Deploying $15MM in 4 diverse companies over one week is a strong signal of how particularly interesting financial technology in India is. When it comes to fintech, the first (and only) name that comes to mind is Paytm, while other sectors like e-commerce have (ersthwile?) unicorns Flipkart, Snapdeal, Shopclues.
Yet in 2018, the most well-funded sector was not e-commerce, but fintech.
More than $2Bn was deployed across 120+ deals, an average ticket size of ~$16MM per deal. If you remove the top 10 deals that accounted for $1.2Bn, you will notice that the average ticket size for the remaining $800MM deployed is ~$8MM. Just like last week, the ticket size is a signal that there is significant investor interest across multiple companies. Compare this to accommodation which saw $1.06Bn deployed, and one company OYO accounted for 95% of the amount.
Why is there so much confidence in Indian fintech, in diverse companies?
Fundamentally, economies are built on financial transactions. For an economy consisting of 1.2Bn people, with a growth rate of ~7%, financial transactions already account for $1Tn. Of this, digital transactions form around ~30% in volume, and are expected to grow rapidly. There are multiple forces making this happen, the largest being the explosion of mobile usage and data. In just one year, data consumption has gone to 5GB per month, from 1GB. Mobile phone users have grown by 200MM users in 4 years. Most tellingly, 40% of India’s population is unbanked.
The confluence of mobile, data and a lack of financial inclusion will help many users leapfrog into digital transactions.
Leapfrogging is a phenomenon that was seen in full force during China’s e-commerce boom. China went from small retail stores to giant e-commerce companies without the “intermediary” step of big-box retail (e.g. Walmart). In a similar manner, a lot of Indians who have never transacted with a bank, or had an account, will directly start with mobile transactions. This is an entirely new market and way of life, which means there are new rules and no players.
With no “competition” or incumbents, this is incredibly attractive for startups.
Driven by this leapfrog into digital transactions, innovation is happening across verticals. Consumer requirements can be segmented into 5 themes – payments, investments, planning, borrowing and insurance.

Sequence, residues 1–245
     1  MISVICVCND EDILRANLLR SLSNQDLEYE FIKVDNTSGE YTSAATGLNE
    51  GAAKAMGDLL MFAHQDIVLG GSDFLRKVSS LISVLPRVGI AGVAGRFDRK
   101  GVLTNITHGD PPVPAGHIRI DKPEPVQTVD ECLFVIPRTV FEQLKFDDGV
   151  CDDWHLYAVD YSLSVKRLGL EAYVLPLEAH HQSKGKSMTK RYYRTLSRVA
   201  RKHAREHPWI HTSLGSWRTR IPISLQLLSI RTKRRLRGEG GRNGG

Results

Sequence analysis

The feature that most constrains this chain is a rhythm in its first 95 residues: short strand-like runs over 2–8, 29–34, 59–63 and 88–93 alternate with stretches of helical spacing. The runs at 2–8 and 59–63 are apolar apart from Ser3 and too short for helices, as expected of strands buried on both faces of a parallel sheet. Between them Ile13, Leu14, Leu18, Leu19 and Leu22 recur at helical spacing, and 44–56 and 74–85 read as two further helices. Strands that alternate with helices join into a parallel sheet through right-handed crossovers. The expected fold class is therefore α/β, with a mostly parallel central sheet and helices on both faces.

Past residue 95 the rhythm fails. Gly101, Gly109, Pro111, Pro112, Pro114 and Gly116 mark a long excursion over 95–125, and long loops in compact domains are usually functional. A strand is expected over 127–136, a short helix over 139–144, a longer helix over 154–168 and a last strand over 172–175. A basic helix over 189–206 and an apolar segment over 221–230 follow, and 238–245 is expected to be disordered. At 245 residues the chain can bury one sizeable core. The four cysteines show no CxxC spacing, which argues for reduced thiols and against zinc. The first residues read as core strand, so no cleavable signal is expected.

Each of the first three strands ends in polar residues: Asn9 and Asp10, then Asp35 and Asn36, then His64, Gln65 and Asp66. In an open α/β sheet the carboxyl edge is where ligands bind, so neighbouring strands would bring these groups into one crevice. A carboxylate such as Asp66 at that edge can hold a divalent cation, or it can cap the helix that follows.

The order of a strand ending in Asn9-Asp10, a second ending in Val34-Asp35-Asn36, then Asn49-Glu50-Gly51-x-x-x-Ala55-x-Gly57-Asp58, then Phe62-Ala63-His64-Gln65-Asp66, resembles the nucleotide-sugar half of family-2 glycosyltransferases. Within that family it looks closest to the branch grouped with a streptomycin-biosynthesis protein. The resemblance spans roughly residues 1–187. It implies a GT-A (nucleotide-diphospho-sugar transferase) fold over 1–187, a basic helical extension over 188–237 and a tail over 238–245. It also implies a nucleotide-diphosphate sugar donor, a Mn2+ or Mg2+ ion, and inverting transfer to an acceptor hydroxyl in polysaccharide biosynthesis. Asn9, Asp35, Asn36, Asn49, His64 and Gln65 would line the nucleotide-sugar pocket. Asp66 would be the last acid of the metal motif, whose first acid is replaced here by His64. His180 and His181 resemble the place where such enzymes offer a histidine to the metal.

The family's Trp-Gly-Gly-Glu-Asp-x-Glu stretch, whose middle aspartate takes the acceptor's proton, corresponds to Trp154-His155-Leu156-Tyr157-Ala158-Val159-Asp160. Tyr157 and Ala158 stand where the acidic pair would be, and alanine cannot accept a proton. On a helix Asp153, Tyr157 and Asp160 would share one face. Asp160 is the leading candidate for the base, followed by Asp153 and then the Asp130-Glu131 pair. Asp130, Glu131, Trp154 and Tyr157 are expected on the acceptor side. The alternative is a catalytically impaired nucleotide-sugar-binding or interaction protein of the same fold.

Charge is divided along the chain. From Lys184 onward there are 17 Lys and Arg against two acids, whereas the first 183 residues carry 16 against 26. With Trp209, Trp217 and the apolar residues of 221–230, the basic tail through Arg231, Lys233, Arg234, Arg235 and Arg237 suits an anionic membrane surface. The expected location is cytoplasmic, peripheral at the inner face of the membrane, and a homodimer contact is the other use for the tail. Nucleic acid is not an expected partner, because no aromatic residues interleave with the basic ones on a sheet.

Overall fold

As it now becomes clear, each of the 4 companies that raised this week ties to one of these 5 themes. CreditVidya facilitates lending, MoneyOnClick provides loans, Groww helps with investing and Kruzr facilitates insurance. Planning is likely to become important after there is some financial maturity, while payments are already dominated by Paytm, signalling why the 3 themes are likely to see the most activity going forward.
All this does not mean that the road will be smooth sailing for fintech.
2017 and 18 were great years for fintech, driven by the once in a lifetime customer acquisition opportunity called demonetization. The Indian government made Digital India the core of their strategy to bring more people into the formal economy. Aadhar was revitalized, and the UPI was launched through BHIM in 2016.
All of this evolved into a popular technology moniker called the India stack, which almost became a buzzword for the fintech community.
The idea of the India stack is powerful. It allows businesses to effectively build in a paperless, presence-less ecosystem through digital identity (Aadhar, eKYC) and single interface payments (UPI). It would make onboarding customers frictionless and low cost, and allowed businesses to build for a financial ecosystem through a set of APIs.
But a 2018 Supreme Court ruling would drive a dagger through the heart of the stack.
The October ruling banned the use of Aadhar for private companies, making the digital identity block of the India stack redundant. This would increase the cost of onboarding and acquiring customers, around which a lot of businesses were built for scale.
This would significantly impact businesses that have digital identity at the core, and I would expect consumer lending (but not business lending) to be significantly hurt going forward. There are a considerable number of companies doing digital lending, and I expect consolidation in the sector. Companies like Capital Float, which I had covered, are likely to still do well driven by lending being a requirement for businesses.
On the flipside, the incredible growth in UPI transactions are going to provide a filip to payments and investing businesses. I have been extremely optimistic about retail investing, as I had postulated in my analysis of Zerodha, and I think these factors will only contribute further to investing at a retail level.
Beyond regulations and short term disruptions, I am optimistic about the fundamental requirements for financial solutions for Indian consumers. We are a growing, young and aspirational population, and financial technology will be front of centre of the development of the economy.
As a long term investor, one should put their money (quite literally) into financial technology.